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Feature flags are neat

maxveldinkcodes profile image Max VelDink ・9 min read

Recently, I was chatting with some co-workers about ways we could improve our deployment pipeline. One tangent of this conversation was the fact that feature flags could be useful in a continuously deploying master situation, as we could easily feather in more features at once.

I've had some experience with flags and wanted to pull together some notes around feature flag usage. Most of this is probably not new information, but I think it is still worthwhile to write down and make a cohesive document.


Let's look at a few scenarios where feature flags are useful.

Keeping master continuously deployable

One of the most common use cases for flagging is to hide some bit of code or feature from users. This helps us keep master continuously deployable (or shippable if you prefer transportation metaphors). Merging extensive feature work into master is dangerous, and we'd never want to hold a codebase back from deploying because of incomplete work. With flagging, we can incorporate our work into master and still have it in a good state. Another benefit of a continuously deployable master is the ability to rollback to any previous commit easily. This gets hairy when external dependencies have changed based on master, but it is helpful most of the time.

Ease of testing new features

Feature flags allow QA to test features incrementally in deployed environments, including production. If they can enable a flag for testing, they can look at in-flight cards related to a given feature, even if it is not complete. This prevents the massive deluge of testing right at the end of a feature branch that so often happens to testers.

Aid in A/B testing

Feature flags can also be used as a basic A/B testing solution, especially for quick validation and initial feature development. By conditionally toggling a feature on for a certain percentage of users, the behavior is measured to see how well the feature performs. This is especially powerful if you tell a user they are experiencing a new feature and ask for their feedback. Usually, users are more than willing to give feedback on a new feature and give a little more grace if something doesn't work quite right. The feeling of being an early access user also makes them feel special (or it does for me anyway).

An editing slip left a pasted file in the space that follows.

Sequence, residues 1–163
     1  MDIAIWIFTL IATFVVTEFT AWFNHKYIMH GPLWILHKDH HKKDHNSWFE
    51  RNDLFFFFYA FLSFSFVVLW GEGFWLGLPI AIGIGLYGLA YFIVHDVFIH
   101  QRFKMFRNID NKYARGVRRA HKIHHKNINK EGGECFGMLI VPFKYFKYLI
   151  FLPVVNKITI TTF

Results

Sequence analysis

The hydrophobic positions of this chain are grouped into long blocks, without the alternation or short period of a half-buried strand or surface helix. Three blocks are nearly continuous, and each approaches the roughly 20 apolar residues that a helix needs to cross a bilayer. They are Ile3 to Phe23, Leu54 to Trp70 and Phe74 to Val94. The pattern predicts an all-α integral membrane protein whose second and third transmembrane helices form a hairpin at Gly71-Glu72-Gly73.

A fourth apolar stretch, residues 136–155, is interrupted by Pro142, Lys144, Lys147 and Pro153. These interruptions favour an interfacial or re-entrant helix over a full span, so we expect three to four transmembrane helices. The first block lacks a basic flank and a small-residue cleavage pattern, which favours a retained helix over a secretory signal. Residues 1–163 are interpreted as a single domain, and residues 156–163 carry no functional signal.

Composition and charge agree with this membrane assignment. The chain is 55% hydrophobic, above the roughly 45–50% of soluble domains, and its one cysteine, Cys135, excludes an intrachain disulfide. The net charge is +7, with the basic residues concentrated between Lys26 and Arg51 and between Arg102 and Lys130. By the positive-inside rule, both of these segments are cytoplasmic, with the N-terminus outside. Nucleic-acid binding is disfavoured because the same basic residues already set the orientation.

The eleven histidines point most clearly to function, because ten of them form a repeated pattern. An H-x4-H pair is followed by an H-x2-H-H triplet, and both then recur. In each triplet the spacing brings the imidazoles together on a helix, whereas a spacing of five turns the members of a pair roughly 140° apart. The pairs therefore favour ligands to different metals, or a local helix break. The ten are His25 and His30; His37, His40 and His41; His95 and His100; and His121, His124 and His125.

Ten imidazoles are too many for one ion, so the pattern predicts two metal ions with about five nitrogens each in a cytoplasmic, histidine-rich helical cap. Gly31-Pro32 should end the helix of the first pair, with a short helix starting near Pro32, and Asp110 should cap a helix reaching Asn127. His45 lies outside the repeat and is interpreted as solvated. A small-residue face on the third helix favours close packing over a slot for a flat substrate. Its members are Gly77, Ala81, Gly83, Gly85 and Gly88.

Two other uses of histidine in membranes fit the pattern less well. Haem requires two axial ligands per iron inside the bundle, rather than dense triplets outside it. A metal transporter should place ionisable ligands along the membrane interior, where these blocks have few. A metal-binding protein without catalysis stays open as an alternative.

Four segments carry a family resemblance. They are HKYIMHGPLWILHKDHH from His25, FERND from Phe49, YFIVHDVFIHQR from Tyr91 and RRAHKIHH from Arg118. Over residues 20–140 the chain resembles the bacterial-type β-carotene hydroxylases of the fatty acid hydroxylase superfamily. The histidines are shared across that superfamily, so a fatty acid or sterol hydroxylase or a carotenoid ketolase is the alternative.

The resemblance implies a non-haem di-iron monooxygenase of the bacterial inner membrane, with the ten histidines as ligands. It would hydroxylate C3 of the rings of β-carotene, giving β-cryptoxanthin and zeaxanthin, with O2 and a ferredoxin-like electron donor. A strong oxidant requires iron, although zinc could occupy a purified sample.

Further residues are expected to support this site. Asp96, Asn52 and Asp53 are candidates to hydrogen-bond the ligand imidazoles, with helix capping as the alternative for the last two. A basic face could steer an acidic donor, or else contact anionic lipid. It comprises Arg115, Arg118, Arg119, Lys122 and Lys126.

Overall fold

Enable slow rollout

Closely related to A/B testing is the ability to roll out new features slowly. This makes DevOps rejoice and can aid us in the early detection of potential bugs, especially for particularly intricate features that need more attention running in a live environment. For example, think about how we talk to a third-party provider where customers have many different setup configurations. If we could slowly turn that on, we could detect any issues with our configurations' assumptions much sooner.


So when are some good times to incorporate feature flags into your work? While they can be used at various times, two stick out as best practices that I've seen.

The very first card of a new feature

When beginning any substantive feature, the first addition to the codebase I do is a feature flag that changes the codebase in a small way. Yet, it is still verifiable by developers and testers.

For instance, if we were going to add a new setting to our application, the first card would be a mechanism to create a toggle that can be flipped used to enable that setting for a user. If the feature is enabled, we can do something simple like print a message to the console. No other code should be written to accomplish the feature.

This flag will be toggled off by default, so a developer or tester will need to toggle it on. The first verifiable chunk of work for this feature will be that the flag exists, and behavior changes somehow when it is enabled. In your code, you will need to easily read from the current state of the flag to alter behavior accordingly.

Make sure you have accounted for the flag being disabled as well. The beauty of flags is that, if built correctly, we can quickly shut off problematic code paths that customers are experiencing in production.

When a theory needs to be tested

While discussing the new feature, questions might arise about usability, proper copy usage, desired outcomes, and the like. Instead of just guessing answers or committing to an unknown path, throw in some work items for testing out your assumptions.